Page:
[29:33] Walter Tevis
[32:35] Harry Reasoner
[36:21] Playing pool against the a leader of a motorcycle club
[45:35] Carrying a gun
[48:44] Unusual pool stories
[58:25] How to order copies of Jay’s books, Pool Wars and More Pool Wars

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Jay’s Website:


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With travel, a few hours can make a lot of difference

I recently took a trip to Las Vegas. My flight out of
Detroit left at 6:20 PM on 4/10 (Saturday) and got into Phoenix at 8:00 PM and
the connecting flight to Las Vegas left at 8:50 PM, getting in at 10 PM. The
flight out of Detroit was delayed 20 minutes due to storms but still got in

When we landed in Phoenix, I put my phone on and had 3 texts
from Southwest. Your flight is delayed til 10 PM. Your flight is delayed til 11
PM. Your flight is delayed til 12 midnight.

I call Budget (my rental car company for this trip) and
explain the situation. I was scheduled to pick up my rental car by 11 PM and
told them I would not get to rental car facility til about 1:30 AM. At first,
she said she would have to cancel my reservation and then make a new one. I
knew I would not get my $82 rate on a rebooked rental so I protested, and she
said ok, she can just move the time. Then she tells me that Budget closes at 1
AM in Las Vegas rent a car center. I was not expecting that. I said, “what do I
do?” and she says that Budget re opens at 7 AM. Not good.

I call the Golden Gate (where I am staying the first 2
nights), explain the situation and they tell me, as long as I check in by noon
on Sunday, everything will be fine. That was nice to hear.

I now go to the Southwest customer service, explain the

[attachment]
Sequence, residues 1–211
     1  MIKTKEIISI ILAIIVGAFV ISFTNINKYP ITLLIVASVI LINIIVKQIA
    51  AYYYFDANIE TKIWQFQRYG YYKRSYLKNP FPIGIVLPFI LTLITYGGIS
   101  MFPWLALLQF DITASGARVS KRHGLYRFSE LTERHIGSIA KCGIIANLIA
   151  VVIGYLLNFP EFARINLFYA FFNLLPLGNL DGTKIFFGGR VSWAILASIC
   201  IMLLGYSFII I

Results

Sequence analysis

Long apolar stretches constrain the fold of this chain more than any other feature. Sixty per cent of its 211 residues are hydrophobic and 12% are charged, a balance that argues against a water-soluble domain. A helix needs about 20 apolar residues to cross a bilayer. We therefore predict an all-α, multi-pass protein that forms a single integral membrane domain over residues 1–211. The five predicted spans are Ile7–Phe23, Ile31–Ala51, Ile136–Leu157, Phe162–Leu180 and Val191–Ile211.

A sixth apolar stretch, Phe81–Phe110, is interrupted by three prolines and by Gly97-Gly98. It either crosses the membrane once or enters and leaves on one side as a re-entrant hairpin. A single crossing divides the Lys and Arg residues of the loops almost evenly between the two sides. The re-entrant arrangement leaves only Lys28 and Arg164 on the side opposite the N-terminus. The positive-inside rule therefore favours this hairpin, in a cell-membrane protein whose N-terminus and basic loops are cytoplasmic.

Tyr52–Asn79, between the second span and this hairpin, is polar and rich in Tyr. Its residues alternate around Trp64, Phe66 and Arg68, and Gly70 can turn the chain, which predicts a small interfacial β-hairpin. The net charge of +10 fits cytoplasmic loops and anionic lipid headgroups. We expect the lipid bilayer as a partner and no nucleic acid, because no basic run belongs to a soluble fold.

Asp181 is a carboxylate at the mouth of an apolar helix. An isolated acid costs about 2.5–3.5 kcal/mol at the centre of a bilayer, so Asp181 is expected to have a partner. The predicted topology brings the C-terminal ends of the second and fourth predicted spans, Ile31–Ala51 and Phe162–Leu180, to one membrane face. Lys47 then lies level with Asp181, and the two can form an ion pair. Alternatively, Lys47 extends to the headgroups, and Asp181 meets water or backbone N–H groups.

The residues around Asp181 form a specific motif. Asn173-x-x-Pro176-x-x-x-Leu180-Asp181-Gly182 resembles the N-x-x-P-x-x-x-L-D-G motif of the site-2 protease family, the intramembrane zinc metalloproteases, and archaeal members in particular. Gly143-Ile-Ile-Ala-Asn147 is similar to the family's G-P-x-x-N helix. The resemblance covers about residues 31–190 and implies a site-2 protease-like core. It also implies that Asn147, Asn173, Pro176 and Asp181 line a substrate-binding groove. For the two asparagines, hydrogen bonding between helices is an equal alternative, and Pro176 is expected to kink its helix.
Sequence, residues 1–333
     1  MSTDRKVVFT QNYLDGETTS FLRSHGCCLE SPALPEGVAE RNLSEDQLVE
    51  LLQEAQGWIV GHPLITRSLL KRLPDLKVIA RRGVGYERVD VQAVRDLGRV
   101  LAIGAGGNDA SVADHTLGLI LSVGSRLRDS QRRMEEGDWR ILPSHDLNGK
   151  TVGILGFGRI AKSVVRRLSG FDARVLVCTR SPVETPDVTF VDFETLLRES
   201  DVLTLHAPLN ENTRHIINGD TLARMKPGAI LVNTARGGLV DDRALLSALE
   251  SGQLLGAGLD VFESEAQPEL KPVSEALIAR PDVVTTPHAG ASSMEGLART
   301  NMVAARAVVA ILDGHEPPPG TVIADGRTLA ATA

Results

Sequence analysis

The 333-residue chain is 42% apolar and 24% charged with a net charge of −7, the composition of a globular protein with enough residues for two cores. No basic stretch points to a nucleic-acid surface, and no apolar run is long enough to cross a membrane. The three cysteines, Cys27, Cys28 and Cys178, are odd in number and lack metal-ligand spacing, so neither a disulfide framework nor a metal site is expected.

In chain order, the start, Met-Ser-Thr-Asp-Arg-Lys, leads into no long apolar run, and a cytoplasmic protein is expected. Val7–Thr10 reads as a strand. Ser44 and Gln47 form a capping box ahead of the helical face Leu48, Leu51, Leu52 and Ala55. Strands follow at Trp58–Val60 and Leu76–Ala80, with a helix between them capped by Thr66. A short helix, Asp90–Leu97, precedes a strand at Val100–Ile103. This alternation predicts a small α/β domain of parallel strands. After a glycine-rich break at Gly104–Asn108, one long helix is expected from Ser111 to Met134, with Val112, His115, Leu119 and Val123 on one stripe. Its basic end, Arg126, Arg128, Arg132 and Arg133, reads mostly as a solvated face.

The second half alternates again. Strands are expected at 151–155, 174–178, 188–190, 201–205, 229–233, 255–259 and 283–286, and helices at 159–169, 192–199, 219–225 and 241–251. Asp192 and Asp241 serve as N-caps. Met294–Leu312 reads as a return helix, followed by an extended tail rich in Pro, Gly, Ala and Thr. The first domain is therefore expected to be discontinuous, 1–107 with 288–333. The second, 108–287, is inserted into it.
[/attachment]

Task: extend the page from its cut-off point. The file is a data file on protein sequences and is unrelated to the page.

situation and ask what they can do. The lady tells me I can catch a flight in
the morning. I ask about a hotel for the night and she said they can offer a
discount, but not a freebie, since the delay was weather related. Transportation
would be on me and Uber/Lyft are difficult to get.

I decide to think about my options over a bite to eat. It is
now 8:30 PM and almost everything is closed at Sky Harbor airport. 8:30 on
Saturday and they are locking up? I finally find a place and they tell me we
have one hot sandwich available. I take it, give him a few dollar tip and thank
him for being open, and enjoy my meal.

After thinking about my options, I decide to keep my
midnight flight and just wander around LAS for 5 hours til I can go pick up my
rental car. This will give me plenty of time to machine hustle at the airport.

We touch down about 1 AM and after taxi and deplane, it is
1:30 AM. There is no one at the airport. I may not have seen 10 people,
including workers. And to top it off, all the slot machines are roped off
because they are moving them around. I decide to wait at the rent a center, hop
the shuttle and get to the facility about 1:45 AM. For kicks, I walk over to